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Patient Story

A 16-year-old girl presents with multiple flat lesions on her forehead (Figure 117-1). It started with just a few lesions but has spread over the past 3 months. She is diagnosed with flat warts and topical imiquimod is prescribed as the initial treatment.

FIGURE 117-1

Flat warts on a patient’s forehead. (Used with permission from Richard P. Usatine, MD.)

Introduction

Flat warts are characterized as flat or slightly elevated flesh-colored papules. They may be smooth or slightly hyperkeratotic. They range in size from 1 to 5 mm or more, and numbers range from a few to hundreds of lesions, which may become grouped or confluent. They occur most commonly on the face, hands, and shins. They may appear in a linear distribution as a result of scratching, shaving, or trauma (Koebner phenomenon) (Figures 117-2 and 117-3).

FIGURE 117-2

Flat warts just above the knee of a young woman. Notice the linear distribution probably resulting from spread by shaving (Koebner phenomenon). (Used with permission from Richard P. Usatine, MD.)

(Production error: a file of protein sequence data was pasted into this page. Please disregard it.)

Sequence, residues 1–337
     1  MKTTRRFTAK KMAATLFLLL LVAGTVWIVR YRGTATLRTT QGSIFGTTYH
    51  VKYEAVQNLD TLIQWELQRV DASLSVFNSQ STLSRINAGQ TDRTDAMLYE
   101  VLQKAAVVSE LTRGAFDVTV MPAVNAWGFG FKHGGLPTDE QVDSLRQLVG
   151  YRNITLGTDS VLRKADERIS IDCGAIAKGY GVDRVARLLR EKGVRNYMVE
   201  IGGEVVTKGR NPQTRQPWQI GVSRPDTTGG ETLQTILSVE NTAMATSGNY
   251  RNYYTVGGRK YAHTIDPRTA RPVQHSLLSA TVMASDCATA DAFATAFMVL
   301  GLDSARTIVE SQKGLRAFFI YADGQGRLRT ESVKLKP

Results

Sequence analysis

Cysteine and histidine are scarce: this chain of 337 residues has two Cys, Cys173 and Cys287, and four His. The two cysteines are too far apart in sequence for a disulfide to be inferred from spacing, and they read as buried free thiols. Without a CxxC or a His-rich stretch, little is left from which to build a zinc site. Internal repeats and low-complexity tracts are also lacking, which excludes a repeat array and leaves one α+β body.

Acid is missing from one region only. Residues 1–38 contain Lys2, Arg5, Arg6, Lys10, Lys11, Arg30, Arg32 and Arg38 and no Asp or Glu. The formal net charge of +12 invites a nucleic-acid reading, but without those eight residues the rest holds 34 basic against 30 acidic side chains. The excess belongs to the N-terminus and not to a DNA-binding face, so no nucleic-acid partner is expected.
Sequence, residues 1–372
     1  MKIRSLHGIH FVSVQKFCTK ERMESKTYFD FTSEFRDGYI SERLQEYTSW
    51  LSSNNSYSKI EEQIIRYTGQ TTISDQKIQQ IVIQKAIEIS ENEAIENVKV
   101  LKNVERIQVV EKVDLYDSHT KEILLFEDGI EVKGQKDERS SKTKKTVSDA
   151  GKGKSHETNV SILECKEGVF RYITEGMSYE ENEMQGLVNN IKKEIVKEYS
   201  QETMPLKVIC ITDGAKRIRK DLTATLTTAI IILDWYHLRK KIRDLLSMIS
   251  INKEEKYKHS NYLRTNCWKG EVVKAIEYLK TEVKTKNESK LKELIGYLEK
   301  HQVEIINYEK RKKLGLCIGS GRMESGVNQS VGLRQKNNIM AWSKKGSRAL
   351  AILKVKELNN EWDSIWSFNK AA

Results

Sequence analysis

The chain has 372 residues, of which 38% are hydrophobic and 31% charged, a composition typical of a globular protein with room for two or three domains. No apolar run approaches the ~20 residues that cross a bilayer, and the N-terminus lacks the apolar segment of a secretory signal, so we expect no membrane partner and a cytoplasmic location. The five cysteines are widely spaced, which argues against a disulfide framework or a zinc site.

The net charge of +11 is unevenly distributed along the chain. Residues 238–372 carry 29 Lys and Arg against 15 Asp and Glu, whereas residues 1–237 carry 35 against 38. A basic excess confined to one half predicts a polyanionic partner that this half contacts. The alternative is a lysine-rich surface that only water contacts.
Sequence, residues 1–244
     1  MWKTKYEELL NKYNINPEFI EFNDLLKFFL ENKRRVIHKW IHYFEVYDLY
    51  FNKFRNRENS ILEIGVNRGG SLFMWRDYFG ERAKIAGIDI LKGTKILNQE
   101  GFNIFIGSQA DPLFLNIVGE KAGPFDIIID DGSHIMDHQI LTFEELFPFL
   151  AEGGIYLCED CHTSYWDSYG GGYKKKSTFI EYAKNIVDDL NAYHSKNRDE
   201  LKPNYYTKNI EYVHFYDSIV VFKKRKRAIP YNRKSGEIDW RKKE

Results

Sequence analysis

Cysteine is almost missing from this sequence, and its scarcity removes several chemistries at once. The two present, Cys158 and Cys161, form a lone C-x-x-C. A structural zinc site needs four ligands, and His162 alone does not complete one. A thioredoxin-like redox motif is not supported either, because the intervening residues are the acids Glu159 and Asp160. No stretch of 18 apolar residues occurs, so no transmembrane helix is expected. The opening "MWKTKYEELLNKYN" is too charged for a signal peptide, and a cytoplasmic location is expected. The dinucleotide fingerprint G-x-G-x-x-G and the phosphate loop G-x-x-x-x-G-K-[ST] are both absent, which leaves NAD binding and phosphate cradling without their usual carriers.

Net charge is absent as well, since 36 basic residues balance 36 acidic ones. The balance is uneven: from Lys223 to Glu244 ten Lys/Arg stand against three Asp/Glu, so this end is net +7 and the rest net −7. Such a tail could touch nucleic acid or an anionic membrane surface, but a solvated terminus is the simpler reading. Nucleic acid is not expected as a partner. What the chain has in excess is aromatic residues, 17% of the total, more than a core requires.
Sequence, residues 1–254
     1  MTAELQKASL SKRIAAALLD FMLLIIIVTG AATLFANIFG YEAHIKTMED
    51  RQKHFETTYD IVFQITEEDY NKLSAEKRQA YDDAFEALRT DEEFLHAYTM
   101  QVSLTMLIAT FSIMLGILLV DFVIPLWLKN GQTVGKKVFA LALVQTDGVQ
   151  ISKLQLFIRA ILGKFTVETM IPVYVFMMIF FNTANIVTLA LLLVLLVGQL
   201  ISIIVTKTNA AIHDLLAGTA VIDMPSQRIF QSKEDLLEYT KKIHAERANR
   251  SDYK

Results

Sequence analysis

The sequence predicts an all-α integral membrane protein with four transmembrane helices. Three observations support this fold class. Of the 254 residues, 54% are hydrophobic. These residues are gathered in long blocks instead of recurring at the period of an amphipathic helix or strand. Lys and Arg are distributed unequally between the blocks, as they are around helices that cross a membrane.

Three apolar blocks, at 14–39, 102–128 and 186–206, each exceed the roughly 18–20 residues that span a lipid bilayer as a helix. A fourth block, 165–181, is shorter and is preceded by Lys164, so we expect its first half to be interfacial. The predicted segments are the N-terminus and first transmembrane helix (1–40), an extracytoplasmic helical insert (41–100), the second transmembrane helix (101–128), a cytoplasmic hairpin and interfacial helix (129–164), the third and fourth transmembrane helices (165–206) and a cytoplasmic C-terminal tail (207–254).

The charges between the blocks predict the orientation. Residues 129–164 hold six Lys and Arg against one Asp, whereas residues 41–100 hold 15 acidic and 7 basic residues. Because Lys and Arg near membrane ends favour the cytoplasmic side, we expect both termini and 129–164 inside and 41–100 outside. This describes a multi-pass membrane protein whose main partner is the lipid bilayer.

FIGURE 117-3

Flat warts on the hand of a child. Note the linear distribution, which is probably the result of scratching or minor trauma (Koebner phenomenon). (Used with permission from Richard P. Usatine, MD.)

Synonyms

Plane warts, verruca plana, verruca plana juvenilis, plane warts.

Epidemiology

  • Flat warts (verruca plana) are most commonly found in children and young adults (Figures 117-1 to 117-3).

  • Flat warts are the least common variety of wart, but are generally numerous on an individual.1

  • Flat warts are usually caused by human papillomavirus (HPV) types 3, 10, 28, and 29.2

Etiology and Pathophysiology

  • Like all warts, flat warts are caused by HPV.2

  • Flat warts may spread in a linear pattern secondary to spread by scratching or trauma, such as shaving (Figure 117-2 and 117-3).

  • Flat warts present a special treatment problem because they persist for a long time, they are generally located in cosmetically important areas, and they are resistant to therapy.

Risk Factors

  • Shaving next to infected areas (Figures 117-2 and 117-3).

  • HIV infection or other types of immunosuppression.

Diagnosis

Clinical Features

  • Multiple small, flat-topped papules that may be pink, light brown, or light yellow colored. They may be polygonal in shape (Figure 117-4).

FIGURE 117-4

Close-up of a flat wart. Note typical small, flat-topped ...

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